3 (pretty, flirtatious hairdresser): R. Journet signale (Les Misérables, Garnier-Flammarion) que << vers 1845 Hugo a noté des propos assez bizarres de son barbier qui s'appelait Richy. Or, dans la liste des dames qui lui ont accordé à l'époque diverse faveurs, nous trouvons Mme Richy. >> On rencontrera dans le portrait de M. Gillenormand d'autres traits autobiographiques comme la possibilité de se passer de lunettes, ou la dentition intacte.
R. Journet points out (Les Misérables, Garnier-Flammarion edition) that “around 1845 Hugo noted rather bizarre remarks from his barber who was named Richy. But, in the list of women who had accorded him diverse favours at this time, we find Mme Richy.” We will see in the portrait of M. Gillenormand other autobiographical traits like the possibility of managing without glasses or intact dentition.

Chapitre 4
4 (against Venus): La teinture éthérée de perchlorure de fer était utilisée dans le traitement des maladie vénériennes.
Etherated tincture of iron chloride was used in the treatment of venereal disease.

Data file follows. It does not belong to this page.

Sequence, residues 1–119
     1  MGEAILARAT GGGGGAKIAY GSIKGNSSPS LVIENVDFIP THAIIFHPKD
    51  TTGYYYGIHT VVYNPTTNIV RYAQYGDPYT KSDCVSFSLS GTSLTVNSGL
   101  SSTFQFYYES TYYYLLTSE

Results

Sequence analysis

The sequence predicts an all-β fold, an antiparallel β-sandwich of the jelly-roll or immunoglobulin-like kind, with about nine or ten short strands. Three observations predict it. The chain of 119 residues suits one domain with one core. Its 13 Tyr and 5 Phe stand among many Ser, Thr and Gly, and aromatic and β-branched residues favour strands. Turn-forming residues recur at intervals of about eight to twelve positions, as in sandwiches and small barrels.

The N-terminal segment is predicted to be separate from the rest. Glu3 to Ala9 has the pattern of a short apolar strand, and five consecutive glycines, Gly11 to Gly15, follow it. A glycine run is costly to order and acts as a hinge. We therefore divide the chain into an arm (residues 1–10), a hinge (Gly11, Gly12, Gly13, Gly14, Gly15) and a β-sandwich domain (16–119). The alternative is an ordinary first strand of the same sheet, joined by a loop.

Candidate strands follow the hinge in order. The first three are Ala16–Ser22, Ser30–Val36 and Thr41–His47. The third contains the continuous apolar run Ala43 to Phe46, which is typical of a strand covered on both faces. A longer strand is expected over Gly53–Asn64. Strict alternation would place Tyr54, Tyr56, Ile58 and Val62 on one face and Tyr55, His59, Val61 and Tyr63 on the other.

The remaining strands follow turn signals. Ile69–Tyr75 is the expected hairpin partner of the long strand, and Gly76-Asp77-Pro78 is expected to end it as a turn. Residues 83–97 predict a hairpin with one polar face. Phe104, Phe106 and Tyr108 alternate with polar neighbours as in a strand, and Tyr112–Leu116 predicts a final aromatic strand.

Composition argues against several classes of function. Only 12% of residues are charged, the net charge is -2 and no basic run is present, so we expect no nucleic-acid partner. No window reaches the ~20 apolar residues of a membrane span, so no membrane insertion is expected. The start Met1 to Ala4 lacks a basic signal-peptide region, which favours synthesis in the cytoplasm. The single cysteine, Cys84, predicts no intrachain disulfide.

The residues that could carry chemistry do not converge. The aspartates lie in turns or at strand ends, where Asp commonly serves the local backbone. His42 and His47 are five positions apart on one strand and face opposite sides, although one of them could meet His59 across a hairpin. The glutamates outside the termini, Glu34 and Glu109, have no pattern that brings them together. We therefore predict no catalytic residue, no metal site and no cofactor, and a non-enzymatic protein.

Chapitre 5
5 (Rue Quincampoix): Allusion à l'entreprise de Law qui avait fait de la rue Quincampoix le centre de la spéculation.
Allusion to Law's venture that had made the rue Quincampoix the centre of speculation.

Chapitre 6
6 (Sylvae sint consule dignae!): Mot d'esprit sur un vers de Virgile (Bucoliques, IV) : << Si canimus sylvas, sylvae sint consule dignae >> : << Si nous chantons les bois, que les bois soient dignes d'un consul. >>
Witty turn on a verse by Virgil (Bucolics, IV): “Si canimus sylvas, sylvae sint consule dignae”: “If we sing of the woods, may the woods be upright as a consul.”

Chapitre 8